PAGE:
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Create New Virtual Machine with Fixed virtual disk RRS feed

  • Question

  • Hi

    Why can't I use New-VM to create fixed size VHD with new machine. New-VM create dynamic VHD by default but no option to create fixed size VHD simultaneously.

    Everybody says that virtuals servers it shloud use fixed size VHD, but the basic powershell command New-VM doesn't get that opportunity. Or am I wrong?


    Kind Regards Tomasz


    • Edited by Yukio Seki Friday, May 13, 2016 1:33 PM bug
    Friday, May 13, 2016 1:31 PM

Answers

All replies

  • Everybody says that virtuals servers it shloud use fixed size VHD, but the basic powershell command New-VM doesn't get that opportunity. Or am I wrong?


    Kind Regards Tomasz


    Who says that? I never create fixed size VHD for systems that can use them.

    \_(ツ)_/

    Friday, May 13, 2016 3:35 PM
  • New-VHD -Path c:\temp\disk1.vhd -size 30Gb -Fixed

    Try to learn how to use PowerShell help.  It will save you a lot of complaining and pain.

    HELP New-VHD -Full

    help help


    \_(ツ)_/

    Friday, May 13, 2016 3:38 PM
  • Hi...

    I joined some web seminaries about Hyper-V, and everybody talked you should use Fixed disk for servers. More applications prefer fixed disk (MS SQL,...) not dynamic disk. For VM with Windows 8,10 you can use it dynamic disks...

    New-VHD ... i know it...and use it. But first you have create disk, then create VM and then add disk to VM. Three steps for VM with fixed disk (New-VHD, New-VM, Add-...) - one step for VM with dynamic disk... (New-VM):(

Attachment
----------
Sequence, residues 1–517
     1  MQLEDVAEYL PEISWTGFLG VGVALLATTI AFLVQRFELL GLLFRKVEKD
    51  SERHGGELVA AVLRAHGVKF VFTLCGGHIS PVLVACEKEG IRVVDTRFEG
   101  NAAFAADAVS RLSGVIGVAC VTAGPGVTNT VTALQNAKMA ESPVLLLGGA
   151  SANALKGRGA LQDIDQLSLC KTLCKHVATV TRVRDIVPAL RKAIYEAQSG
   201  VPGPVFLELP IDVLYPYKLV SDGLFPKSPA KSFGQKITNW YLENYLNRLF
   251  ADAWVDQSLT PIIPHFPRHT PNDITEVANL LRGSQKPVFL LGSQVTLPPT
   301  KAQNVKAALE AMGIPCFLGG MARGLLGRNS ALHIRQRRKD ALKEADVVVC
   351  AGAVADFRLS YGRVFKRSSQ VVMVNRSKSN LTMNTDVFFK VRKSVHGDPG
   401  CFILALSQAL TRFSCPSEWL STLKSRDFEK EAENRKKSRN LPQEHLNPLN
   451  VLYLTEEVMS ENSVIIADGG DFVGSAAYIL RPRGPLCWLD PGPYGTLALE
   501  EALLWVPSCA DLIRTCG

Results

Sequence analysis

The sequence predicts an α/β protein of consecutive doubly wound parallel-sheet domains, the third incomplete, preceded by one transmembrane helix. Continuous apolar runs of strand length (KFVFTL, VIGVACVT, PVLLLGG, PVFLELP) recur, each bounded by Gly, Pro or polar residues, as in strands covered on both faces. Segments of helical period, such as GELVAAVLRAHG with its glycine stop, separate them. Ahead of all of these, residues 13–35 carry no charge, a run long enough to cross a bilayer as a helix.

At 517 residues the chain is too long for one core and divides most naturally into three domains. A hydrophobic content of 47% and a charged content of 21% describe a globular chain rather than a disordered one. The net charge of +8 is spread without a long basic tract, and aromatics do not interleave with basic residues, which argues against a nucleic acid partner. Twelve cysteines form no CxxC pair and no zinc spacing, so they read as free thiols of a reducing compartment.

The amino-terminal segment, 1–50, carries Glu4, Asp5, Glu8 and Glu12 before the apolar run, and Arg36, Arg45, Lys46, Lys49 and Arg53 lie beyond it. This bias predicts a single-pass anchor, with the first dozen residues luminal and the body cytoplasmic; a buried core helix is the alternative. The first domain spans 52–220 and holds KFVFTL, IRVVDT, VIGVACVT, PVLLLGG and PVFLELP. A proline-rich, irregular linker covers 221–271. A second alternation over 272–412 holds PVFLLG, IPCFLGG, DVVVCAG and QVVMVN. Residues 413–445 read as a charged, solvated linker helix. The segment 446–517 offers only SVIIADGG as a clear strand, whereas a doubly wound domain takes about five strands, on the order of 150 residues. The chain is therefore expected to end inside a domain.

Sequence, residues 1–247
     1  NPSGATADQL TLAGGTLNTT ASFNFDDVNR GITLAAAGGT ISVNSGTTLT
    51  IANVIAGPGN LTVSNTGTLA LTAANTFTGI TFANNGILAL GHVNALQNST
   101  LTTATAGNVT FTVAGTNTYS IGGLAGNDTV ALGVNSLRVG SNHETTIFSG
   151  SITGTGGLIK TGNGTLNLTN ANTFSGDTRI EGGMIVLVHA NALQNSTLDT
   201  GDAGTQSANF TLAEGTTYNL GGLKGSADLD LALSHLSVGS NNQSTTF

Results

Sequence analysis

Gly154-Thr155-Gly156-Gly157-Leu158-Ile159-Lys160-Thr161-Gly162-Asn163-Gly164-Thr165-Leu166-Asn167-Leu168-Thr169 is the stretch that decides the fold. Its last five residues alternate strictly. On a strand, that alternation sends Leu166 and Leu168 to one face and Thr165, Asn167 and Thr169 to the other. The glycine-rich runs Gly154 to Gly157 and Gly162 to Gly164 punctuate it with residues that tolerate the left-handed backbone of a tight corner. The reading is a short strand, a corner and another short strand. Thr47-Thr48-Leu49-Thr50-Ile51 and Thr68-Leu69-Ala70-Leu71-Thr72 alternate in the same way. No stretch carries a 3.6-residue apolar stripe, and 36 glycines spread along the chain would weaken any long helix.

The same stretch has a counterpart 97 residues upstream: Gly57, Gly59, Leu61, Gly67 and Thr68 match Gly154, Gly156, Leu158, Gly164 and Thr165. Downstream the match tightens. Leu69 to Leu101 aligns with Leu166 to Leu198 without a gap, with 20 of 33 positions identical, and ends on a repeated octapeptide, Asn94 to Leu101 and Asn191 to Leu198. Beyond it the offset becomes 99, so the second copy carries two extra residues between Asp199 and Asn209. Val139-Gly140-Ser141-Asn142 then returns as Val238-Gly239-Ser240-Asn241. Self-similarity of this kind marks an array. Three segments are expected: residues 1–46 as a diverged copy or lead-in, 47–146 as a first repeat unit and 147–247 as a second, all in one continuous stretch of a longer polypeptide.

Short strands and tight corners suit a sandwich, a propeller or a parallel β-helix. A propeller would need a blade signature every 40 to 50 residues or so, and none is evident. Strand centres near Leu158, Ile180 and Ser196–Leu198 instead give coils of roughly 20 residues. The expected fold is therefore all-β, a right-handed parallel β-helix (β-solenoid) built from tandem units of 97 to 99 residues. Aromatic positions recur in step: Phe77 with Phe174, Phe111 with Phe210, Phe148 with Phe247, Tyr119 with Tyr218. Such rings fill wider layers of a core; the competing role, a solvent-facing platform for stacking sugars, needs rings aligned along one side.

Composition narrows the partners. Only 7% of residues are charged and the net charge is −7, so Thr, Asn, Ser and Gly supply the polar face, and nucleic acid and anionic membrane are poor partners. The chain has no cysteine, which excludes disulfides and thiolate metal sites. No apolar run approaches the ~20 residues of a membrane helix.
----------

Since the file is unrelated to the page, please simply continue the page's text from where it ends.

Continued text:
Thank you for your replay.

    Have a nice day!


    Kind Regards Tomasz

    Saturday, May 14, 2016 9:23 AM
  • I think you are getting only half of the answer.  Yes. A SQL Server that increases its data file size often may seem happier on a fixed size disk but yu can tune the disk expansion to account for that,  Again, it all depends on what you are designing. 

    A fixed disk can be created in one step as I have posted above.  You need to spend some time reading the instructions for the CmdLets.  The information is extensive and there are many examples in most help files.

    For SQLServer I would place the data files on a second VHD fixed or dynamic so the interaction with the system drive is minimized. This will eliminate one common bottleneck.

    The system drive can easily be dynamic and probably should be to prevfent future issues.  SQLServer data should be relocated to its own disk.  With a VM all of this is easy where on a physical machine we may not actually have a physical drive and parttining a drive only kills performance. 

    Since my first days with building databases on minicomputer hardware the relocation of the data to multiple drives has been a main method of optimization. With VMs this can be a best approach since we can have as many VHDs as we like and move the around as needed.


    \_(ツ)_/


    • Edited by jrv Saturday, May 14, 2016 10:49 AM
    Saturday, May 14, 2016 10:43 AM
  • Here is a good starting explanation of how to build a disk for SQLServer in Hyper-V.  It covers both Fixed and Dynamic setups and explains why the issue is mostly related to where you create the VHDX.  Pay attention to the discussions on block size.

    http://www.michaelsteineke.com/post/2014/07/09/Block-Size-and-Performance-with-Hyper-V-and-SQL-Server.aspx


    \_(ツ)_/

    • Proposed as answer by Elaine Jing Monday, May 16, 2016 7:39 AM
    • Marked as answer by Elaine Jing Friday, May 20, 2016 8:30 AM
    Saturday, May 14, 2016 10:57 AM